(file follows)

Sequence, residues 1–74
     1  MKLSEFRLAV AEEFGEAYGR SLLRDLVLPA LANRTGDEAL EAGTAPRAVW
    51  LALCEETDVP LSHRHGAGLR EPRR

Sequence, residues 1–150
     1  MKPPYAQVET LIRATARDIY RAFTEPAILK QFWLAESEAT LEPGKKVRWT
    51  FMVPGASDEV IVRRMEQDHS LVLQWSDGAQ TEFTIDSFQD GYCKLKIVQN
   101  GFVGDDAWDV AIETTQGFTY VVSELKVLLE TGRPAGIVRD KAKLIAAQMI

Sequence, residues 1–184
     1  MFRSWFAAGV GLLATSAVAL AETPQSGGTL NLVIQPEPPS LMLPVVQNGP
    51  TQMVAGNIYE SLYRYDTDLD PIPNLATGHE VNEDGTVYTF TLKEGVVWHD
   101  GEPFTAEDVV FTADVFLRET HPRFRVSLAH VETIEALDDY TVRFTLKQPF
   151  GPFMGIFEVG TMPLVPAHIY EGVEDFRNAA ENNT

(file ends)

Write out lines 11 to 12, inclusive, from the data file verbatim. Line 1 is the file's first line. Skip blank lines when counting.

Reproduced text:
   101  GEPFTAEDVV FTADVFLRET HPRFRVSLAH VETIEALDDY TVRFTLKQPF
   151  GPFMGIFEVG TMPLVPAHIY EGVEDFRNAA ENNT